Betterment, a robo-investment firm, has acknowledged there's room to improve its workplace diversity.
The New York City-based fintech has been transparent about its diversity data, recently publishing the results of its workplace demographics.
Joe Ziemer, Betterment's vice president of communications, said the results show the company can do better.
Out of the company's 293 employees, 71% are White, according to data on the company's website. Betterment's Black or African-American employees make up 5%, while another 5% identify as Hispanic or Latinx. Fifteen percent identity as Asian, and another 4% identify as two or more races.
"We've got a lot of work to do. We recognize that," Ziemer said.
Betterment is not alone, however. Like the technology sector in general, fintech companies largely lack diversity, Ziemer said.
In an effort to boost its internal diversity efforts and that of the fintech community as a whole, Betterment is spearheading the Fintech Equality Coalition, a working group made up of 21 fintech and financial services companies aimed at fighting inequality within the fintech industry and in society.
"The goal here is to see continual progress," Ziemer said. "It's not something that we will be able to fix overnight, but we know that there's a lot of work to do and we've got to do better.”
So far, the group includes Cadre, Carver Edison, Credit Karma, Divvy Homes, Dosh, Earnest, Fabric, Freedom Financial Network, Jetty, Kindur, Marqeta, MoneyLion, Monzo, Nova Credit, Rhino, SoFi, Spruce, Stash, Tally and Varo.
The coalition aims to publish an annual report that includes diversity data from the fintech industry, detailing the progress being made from the coalition's work.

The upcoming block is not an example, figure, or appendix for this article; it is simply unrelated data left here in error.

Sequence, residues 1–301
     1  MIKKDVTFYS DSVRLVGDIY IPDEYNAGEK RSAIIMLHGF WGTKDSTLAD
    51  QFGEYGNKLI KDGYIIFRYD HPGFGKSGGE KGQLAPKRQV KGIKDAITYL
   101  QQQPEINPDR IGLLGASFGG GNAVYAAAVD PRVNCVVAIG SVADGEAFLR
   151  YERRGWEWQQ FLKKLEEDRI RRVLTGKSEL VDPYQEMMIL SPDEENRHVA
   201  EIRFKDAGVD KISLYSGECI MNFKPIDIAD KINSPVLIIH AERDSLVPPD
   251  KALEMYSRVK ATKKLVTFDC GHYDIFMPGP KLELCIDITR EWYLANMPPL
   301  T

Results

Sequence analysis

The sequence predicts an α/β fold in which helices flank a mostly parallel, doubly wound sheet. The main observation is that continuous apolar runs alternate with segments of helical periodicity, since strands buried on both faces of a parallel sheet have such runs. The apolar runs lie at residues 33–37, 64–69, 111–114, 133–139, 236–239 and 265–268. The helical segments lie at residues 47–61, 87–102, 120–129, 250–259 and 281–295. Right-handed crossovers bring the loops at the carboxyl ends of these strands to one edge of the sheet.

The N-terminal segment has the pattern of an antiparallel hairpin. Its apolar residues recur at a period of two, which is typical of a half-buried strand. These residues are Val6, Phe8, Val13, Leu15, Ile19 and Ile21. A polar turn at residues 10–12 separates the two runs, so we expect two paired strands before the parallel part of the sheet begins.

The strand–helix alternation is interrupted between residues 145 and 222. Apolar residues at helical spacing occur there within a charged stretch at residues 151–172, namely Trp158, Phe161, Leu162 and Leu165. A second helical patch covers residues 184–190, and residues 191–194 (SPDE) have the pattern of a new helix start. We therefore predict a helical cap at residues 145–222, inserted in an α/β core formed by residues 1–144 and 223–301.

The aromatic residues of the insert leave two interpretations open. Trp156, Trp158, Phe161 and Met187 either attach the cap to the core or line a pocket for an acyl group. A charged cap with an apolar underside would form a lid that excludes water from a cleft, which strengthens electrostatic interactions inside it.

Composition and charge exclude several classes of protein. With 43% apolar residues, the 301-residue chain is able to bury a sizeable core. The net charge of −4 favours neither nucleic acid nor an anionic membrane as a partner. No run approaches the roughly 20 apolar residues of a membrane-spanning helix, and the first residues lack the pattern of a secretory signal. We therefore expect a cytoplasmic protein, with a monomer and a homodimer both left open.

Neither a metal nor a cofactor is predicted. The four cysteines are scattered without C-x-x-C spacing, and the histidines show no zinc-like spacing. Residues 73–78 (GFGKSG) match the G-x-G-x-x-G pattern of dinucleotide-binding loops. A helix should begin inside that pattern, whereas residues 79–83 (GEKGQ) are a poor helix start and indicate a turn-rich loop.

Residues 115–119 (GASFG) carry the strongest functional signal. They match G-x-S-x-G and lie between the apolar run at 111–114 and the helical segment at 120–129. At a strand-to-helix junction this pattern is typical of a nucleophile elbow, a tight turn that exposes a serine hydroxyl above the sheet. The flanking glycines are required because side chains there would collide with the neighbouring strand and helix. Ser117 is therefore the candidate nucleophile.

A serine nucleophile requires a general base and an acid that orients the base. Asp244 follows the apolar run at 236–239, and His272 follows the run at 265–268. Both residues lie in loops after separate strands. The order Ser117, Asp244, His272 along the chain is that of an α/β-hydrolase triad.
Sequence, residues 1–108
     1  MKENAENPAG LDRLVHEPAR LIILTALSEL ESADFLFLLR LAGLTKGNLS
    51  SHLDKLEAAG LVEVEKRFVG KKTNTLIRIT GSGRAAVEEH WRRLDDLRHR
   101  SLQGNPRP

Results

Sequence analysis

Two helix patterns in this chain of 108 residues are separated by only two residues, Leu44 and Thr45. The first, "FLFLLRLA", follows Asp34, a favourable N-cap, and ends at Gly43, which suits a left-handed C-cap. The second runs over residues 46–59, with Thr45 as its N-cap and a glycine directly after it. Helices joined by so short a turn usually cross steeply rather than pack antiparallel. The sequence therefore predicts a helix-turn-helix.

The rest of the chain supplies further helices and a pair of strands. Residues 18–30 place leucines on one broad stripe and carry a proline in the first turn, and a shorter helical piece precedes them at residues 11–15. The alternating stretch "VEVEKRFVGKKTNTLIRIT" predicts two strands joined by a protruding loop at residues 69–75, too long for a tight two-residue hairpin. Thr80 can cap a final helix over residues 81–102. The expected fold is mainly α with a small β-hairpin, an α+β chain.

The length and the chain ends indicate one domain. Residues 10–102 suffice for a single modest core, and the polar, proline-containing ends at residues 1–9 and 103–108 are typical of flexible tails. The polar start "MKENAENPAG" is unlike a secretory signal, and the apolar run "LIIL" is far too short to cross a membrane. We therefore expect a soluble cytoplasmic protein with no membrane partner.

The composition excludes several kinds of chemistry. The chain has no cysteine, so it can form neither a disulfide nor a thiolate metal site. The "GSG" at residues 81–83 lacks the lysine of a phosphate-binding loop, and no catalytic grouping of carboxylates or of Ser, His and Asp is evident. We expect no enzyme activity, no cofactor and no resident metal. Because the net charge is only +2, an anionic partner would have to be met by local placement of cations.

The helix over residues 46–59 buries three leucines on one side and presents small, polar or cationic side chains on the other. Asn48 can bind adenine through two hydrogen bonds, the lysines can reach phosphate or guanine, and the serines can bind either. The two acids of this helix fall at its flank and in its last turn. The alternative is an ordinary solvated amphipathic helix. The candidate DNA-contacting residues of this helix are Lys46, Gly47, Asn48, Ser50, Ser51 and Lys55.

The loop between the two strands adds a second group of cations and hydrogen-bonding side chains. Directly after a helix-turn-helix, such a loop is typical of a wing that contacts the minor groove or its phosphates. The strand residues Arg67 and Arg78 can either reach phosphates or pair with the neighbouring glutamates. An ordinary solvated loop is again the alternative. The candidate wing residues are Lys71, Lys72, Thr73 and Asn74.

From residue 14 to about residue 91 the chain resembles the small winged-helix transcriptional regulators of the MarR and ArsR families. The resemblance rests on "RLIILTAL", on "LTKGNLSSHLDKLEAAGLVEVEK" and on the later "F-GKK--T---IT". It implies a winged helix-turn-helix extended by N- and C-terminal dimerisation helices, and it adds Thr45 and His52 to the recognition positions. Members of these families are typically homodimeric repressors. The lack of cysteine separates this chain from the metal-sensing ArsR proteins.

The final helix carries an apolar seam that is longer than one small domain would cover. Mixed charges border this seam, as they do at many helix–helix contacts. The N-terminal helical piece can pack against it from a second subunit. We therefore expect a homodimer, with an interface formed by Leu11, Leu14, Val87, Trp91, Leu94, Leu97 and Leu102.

For accountability purposes, the coalition's members will be required to publish their plans of action and provide regular updates on their progress.
"A lot of companies within financial service and technology know that there are industry problems, and they use the industry problems as the reason for why their company is not diverse as opposed to making a change within their own company," Ziemer said. "I think it's got to start at the company level before it can ladder up for industry improvement, which is really the goal of the coalition."
Companies in the coalition have pledged to enhance efforts to recruit, retain and mentor Black employees, and refrain from participating in forums or events that lack diverse speaker lineups.
The working group also aims to increase financial inclusion for minorities through their partnerships and products.
"A lot of the companies [in the coalition] offer savings products for their customers using program banks," Ziemer said. "Is there a way that we could use some Black-owned banks to be program banks to actually put capital within those institutions? Because, certainly, there are not many Black-owned banks anymore."
Cadre, a real estate investing platform, has already pledged to deposit 5% of its corporate capital in minority depository institutions, including Citizens Trust Bank and Liberty Bank.
That extra capital, Ziemer said, helps Black-owned banks do more lending within their communities.
"That's how you can make a pretty big difference, and I think that's the type of thing that we want to highlight for other companies to be able to replicate," he said.